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Over the month of June, I plan to have a five year anniversary celebration for wherethewind.com. I will re-post some of my favorite entries, along with ones that marked significant moments and connections. (If you have a favorite post you’d like me to re-issue this month, let me know!) I look forward to the next five years of wherethewind.com, and I’m so profoundly grateful to all of my readers for taking this journey with me.

I leave you today with some of the first ever words I posted on this website, five years ago today.

Adam, a follower of Christ,

to all those who find this blog through the Series of Tubes.

Grace to you from God our Father and the Lord Jesus Christ!

The Apostle Paul really nailed the beginnings of his letters, so I thought I’d borrow his intro formula to begin my blog. Paul journeyed all over the Mediterranean following the little dotted purple and blue and red lines you see on the maps in the back of your study Bible. I’m afraid I can’t afford the airfares to Thessalonica or Ephesus, so I will have to rely on the Interwebs to make a new set of dotted lines from my MacBook to your computer. Since you’re probably in modern day Scranton or Lubbock rather than ancient Greece, I think the Internet is the way to go.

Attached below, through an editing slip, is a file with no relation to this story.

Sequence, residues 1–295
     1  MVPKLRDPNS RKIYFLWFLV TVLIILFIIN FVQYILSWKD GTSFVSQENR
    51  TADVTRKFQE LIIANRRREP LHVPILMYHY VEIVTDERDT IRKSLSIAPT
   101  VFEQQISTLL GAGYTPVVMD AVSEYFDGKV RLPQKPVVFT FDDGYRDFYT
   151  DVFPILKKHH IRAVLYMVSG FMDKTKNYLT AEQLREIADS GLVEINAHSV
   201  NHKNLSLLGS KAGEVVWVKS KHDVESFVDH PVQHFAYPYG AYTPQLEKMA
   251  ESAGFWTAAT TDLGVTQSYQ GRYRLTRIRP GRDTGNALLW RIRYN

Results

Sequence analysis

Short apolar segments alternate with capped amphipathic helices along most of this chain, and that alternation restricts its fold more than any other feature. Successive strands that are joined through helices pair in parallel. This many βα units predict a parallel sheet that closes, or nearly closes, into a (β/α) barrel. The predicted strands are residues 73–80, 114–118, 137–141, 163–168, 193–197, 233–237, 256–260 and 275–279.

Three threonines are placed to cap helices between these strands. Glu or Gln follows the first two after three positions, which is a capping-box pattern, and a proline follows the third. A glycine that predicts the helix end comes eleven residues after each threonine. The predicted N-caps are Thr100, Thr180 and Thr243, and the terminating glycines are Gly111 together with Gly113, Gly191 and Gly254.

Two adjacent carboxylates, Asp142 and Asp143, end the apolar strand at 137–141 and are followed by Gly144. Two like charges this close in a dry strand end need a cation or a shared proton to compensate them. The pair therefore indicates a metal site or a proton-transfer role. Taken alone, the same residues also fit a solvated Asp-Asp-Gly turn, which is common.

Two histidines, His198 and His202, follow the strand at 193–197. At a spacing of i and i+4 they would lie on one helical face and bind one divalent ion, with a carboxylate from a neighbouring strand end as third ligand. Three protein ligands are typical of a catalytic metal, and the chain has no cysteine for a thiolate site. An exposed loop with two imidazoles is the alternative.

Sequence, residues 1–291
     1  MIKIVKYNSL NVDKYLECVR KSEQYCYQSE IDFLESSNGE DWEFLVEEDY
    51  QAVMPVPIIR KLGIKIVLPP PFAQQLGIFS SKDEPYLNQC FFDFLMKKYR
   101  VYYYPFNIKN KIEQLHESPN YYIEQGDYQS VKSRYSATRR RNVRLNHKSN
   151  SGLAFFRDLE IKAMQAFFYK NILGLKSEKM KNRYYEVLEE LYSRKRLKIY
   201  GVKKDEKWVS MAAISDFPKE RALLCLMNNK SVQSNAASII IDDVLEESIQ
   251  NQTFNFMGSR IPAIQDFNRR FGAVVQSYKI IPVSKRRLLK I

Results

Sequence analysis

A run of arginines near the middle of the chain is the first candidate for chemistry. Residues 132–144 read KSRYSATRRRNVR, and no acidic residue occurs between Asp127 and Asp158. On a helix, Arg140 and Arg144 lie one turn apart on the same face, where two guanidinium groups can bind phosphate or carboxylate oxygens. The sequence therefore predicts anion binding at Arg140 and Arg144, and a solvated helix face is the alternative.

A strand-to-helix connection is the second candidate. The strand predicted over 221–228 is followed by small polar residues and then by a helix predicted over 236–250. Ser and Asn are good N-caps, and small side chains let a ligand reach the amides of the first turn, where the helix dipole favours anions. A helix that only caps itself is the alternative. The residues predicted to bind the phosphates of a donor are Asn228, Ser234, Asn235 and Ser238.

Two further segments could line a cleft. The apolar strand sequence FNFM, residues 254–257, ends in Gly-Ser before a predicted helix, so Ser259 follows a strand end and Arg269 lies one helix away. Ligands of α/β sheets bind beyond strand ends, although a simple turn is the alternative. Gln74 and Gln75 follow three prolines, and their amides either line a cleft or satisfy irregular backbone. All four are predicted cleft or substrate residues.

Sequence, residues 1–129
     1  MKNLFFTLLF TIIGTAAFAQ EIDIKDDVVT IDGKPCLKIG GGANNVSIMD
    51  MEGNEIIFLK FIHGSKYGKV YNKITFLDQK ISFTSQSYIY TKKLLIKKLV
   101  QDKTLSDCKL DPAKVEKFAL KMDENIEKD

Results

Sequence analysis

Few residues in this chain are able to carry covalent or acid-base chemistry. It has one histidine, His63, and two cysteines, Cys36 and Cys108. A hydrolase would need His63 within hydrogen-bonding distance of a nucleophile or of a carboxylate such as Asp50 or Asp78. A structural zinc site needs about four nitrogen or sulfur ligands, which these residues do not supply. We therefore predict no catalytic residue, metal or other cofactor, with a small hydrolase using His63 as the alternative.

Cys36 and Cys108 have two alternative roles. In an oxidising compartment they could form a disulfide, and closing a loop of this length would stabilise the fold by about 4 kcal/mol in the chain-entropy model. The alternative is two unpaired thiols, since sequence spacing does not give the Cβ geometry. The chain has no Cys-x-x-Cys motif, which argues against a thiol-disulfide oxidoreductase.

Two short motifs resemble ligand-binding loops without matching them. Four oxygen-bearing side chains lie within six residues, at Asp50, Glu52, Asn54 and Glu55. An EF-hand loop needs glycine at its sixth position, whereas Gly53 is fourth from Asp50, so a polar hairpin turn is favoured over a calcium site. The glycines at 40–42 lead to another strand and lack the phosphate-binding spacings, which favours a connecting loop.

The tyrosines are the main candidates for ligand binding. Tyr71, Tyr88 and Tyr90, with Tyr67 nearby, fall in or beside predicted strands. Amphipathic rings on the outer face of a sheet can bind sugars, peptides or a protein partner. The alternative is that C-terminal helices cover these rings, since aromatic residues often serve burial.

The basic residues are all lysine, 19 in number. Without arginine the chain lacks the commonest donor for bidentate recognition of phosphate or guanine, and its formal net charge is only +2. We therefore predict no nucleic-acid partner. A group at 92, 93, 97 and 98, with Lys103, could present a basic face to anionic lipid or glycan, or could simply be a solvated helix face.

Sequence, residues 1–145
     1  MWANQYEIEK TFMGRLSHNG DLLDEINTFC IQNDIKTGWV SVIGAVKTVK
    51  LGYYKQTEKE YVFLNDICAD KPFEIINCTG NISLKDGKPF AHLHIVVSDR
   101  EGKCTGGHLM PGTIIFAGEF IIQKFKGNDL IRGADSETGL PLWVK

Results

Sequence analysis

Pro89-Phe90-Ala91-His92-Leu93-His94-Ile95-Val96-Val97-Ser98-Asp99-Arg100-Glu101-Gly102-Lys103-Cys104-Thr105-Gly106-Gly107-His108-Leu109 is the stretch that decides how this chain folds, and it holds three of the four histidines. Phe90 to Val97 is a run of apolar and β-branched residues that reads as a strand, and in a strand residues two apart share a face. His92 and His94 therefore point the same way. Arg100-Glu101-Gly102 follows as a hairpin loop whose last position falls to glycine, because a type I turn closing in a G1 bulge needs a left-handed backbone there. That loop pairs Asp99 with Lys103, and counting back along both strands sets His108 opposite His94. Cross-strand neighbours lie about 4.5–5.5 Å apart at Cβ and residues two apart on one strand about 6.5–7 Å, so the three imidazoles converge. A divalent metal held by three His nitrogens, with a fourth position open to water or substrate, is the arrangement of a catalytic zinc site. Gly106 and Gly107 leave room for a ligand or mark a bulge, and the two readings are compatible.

[…] Who’s to say where the wind will take me? Who’s to say where the Spirit is leading me? In this blog, I will reflect on the movement of God in my life, the movement that dances on the wind of the Spirit. I invite you to follow my reflections and discern how God is moving in your own life.

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“G” is for Grace (Feb. 21, 2013)

…Opening To…

We come this morning –
Like empty pitchers to a full fountain,
With no merits of our own.
O Lord – open up a window of heaven,
And lean out far over the battlements of glory,
And listen this morning. (James Weldon Johnson)

…Listening In…

What once was hurt
What once was friction
What left a mark
No longer stings
Because Grace makes beauty
Out of ugly things (“Grace” U2, from All That You Can’t Leave Behind)